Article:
I might argue that LeBeau was the better overall value because of where/when he was drafted. But going round by round means I do not have to choose between Pace or LeBeau, which is a good thing because there are already plenty of difficult decisions ahead... Without further ado, let’s go bargain shopping.

Round 6: Nate Ebner, Safety

Ebner, a world-class rugby player, joined the Ohio State football team as a walk-on safety in 2009. While obviously familiar with the game, he never even played football for his high school team. And he was a third-year college student by the time he walked on in Columbus! Out of practice and out of his natural element, Ebner’s physicality and aggressiveness earned him an unlikely spot on the roster.

But in three seasons as a Buckeye, he made little if any impact at his DB position. Instead, Ebner made his mark on special teams. Blessed with good speed (4.5 in the 40), he sprinted down the field with reckless abandon on kick coverage. He was known for his win-at-all-costs mentality and willingness to sacrifice his body. Because of his mental makeup and toughness, he quickly garnered respect as a leader on the gridiron. He also earned the nickname “Leonidas” for his resemblance to actor Gerard Butler in the movie 300.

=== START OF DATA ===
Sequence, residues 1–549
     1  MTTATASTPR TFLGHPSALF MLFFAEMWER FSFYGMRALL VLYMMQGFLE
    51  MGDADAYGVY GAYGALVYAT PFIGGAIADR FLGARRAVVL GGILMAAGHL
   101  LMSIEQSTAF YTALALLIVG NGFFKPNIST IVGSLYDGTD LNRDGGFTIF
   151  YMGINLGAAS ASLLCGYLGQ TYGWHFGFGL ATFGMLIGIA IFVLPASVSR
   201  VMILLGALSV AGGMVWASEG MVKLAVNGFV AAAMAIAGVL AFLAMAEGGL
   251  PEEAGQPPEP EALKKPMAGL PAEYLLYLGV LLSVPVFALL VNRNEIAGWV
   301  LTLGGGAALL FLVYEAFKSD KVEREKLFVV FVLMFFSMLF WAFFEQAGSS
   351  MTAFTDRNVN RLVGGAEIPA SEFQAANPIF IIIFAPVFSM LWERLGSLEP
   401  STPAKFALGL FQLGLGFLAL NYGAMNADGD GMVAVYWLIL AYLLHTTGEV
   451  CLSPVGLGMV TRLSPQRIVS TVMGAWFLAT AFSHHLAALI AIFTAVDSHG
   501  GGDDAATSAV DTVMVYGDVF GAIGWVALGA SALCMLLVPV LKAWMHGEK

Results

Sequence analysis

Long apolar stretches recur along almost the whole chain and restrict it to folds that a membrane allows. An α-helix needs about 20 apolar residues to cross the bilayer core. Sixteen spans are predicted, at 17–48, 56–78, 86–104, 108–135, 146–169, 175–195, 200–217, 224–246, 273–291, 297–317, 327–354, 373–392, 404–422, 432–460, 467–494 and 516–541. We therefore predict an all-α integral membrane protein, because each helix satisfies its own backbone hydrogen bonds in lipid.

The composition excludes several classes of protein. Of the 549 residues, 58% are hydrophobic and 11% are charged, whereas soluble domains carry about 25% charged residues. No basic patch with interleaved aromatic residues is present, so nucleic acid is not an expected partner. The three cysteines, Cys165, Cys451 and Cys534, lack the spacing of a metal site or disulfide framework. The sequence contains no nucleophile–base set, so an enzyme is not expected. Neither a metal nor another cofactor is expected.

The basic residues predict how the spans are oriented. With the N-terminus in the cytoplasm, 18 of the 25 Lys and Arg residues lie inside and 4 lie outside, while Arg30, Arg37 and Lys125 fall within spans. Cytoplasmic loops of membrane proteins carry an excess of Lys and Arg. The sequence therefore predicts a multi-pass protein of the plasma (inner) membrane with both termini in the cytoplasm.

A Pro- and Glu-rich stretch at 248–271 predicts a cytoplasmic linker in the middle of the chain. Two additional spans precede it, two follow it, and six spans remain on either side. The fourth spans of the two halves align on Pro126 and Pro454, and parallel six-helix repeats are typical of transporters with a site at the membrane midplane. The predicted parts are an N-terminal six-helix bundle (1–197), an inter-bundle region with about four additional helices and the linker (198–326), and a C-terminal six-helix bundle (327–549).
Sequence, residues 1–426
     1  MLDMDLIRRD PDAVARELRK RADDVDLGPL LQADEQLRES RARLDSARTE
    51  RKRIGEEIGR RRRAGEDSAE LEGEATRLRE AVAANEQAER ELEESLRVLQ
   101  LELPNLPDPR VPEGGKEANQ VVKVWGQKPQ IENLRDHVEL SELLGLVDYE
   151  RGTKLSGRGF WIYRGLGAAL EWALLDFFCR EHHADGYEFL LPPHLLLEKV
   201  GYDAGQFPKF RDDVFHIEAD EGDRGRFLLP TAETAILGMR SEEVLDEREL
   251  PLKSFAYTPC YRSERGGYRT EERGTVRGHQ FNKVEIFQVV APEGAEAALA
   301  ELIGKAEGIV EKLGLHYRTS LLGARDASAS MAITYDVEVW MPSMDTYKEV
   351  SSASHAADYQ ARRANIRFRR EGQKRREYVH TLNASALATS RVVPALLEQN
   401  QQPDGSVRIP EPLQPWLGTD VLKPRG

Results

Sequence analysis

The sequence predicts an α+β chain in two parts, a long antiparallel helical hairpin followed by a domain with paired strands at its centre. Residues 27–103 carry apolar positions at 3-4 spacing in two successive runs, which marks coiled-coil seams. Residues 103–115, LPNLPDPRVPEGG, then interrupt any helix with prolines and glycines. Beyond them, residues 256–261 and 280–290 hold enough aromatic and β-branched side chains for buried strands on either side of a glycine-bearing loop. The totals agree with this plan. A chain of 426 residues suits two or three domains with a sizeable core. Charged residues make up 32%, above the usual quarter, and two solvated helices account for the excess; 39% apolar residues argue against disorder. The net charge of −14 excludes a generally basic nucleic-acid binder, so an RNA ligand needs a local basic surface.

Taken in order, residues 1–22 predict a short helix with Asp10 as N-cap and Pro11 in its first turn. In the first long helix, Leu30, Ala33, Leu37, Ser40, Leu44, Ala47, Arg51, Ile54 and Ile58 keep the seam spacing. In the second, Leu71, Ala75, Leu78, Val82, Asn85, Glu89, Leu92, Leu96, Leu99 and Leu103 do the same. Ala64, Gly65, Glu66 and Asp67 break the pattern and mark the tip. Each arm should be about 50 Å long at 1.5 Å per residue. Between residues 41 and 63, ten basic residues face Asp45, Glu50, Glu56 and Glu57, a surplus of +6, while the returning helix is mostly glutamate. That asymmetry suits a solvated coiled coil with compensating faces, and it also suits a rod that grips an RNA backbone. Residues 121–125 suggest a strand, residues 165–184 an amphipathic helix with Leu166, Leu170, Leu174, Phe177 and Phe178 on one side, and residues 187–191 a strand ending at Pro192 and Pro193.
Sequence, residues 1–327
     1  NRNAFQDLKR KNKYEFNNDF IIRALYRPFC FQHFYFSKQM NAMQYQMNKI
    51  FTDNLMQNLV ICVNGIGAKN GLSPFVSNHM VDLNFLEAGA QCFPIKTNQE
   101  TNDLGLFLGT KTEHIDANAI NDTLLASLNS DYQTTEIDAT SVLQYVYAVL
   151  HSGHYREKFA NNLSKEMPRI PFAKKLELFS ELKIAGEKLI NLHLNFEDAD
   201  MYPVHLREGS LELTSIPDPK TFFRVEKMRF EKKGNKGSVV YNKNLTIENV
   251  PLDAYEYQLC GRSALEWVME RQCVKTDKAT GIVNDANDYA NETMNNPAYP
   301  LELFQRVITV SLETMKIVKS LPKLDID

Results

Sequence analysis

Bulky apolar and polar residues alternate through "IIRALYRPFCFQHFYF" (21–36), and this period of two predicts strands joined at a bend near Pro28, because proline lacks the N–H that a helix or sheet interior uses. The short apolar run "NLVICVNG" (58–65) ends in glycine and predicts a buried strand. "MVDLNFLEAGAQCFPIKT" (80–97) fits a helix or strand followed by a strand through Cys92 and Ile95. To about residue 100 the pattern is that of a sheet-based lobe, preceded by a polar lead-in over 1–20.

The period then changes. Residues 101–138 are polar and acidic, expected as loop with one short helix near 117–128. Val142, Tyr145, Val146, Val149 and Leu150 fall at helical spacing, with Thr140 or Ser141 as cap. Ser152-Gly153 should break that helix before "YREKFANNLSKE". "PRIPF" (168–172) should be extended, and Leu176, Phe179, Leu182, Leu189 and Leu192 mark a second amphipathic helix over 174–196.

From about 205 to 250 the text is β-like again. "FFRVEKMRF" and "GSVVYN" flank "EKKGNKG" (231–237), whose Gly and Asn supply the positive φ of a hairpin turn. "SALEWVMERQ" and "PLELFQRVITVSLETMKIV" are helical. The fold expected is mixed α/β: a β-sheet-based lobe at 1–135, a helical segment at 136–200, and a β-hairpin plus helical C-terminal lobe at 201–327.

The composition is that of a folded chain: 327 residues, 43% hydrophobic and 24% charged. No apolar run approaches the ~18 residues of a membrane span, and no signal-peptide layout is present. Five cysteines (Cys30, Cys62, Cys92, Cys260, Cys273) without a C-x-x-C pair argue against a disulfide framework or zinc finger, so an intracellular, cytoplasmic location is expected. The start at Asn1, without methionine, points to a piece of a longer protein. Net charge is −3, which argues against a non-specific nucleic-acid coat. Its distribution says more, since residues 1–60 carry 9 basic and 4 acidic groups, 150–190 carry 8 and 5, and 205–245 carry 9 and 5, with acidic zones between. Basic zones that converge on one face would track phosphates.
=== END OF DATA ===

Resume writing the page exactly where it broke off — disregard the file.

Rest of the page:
By the end of 2009, Ebner was already considered one of OSU’s best special teams players. And if you remember anything about those Jim Tressel-coached Buckeyes, you remember the emphasis placed on special teams. So to be mentioned as one of the best players on that unit was a real honor, and speaks volumes about how he was viewed by coaches and teammates.

The rugby-playing walk-on more than earned his spot on the roster during the next few seasons. He accumulated 30 special teams tackles during his Ohio State career, but made a larger impact than the stats would tell you. By 2011, Ebner was on scholarship and voted the team’s most inspirational player, as well as its best special teamer.

He also excelled in the classroom, earning All-Academic Big Ten each season he played for OSU. Ebner epitomized what it meant (and means) to be a Buckeye, and was revered by those in the program. His reputation and pro day performance would go on to earn him an unlikely opportunity in the NFL.